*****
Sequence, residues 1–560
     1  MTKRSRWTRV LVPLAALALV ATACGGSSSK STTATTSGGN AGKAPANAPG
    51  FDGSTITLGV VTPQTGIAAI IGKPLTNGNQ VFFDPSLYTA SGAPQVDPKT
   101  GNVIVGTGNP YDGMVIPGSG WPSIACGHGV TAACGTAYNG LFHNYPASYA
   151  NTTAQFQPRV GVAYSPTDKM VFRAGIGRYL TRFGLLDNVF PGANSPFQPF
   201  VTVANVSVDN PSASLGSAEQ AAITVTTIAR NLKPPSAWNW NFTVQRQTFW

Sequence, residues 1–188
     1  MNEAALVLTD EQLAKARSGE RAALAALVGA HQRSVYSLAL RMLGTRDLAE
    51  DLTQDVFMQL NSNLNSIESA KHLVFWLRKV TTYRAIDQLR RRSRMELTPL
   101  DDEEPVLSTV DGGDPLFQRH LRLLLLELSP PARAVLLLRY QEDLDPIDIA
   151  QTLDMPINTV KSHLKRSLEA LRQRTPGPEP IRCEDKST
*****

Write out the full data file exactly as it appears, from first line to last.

Sequence, residues 1–560
     1  MTKRSRWTRV LVPLAALALV ATACGGSSSK STTATTSGGN AGKAPANAPG
    51  FDGSTITLGV VTPQTGIAAI IGKPLTNGNQ VFFDPSLYTA SGAPQVDPKT
   101  GNVIVGTGNP YDGMVIPGSG WPSIACGHGV TAACGTAYNG LFHNYPASYA
   151  NTTAQFQPRV GVAYSPTDKM VFRAGIGRYL TRFGLLDNVF PGANSPFQPF
   201  VTVANVSVDN PSASLGSAEQ AAITVTTIAR NLKPPSAWNW NFTVQRQTFW

Sequence, residues 1–188
     1  MNEAALVLTD EQLAKARSGE RAALAALVGA HQRSVYSLAL RMLGTRDLAE
    51  DLTQDVFMQL NSNLNSIESA KHLVFWLRKV TTYRAIDQLR RRSRMELTPL
   101  DDEEPVLSTV DGGDPLFQRH LRLLLLELSP PARAVLLLRY QEDLDPIDIA
   151  QTLDMPINTV KSHLKRSLEA LRQRTPGPEP IRCEDKST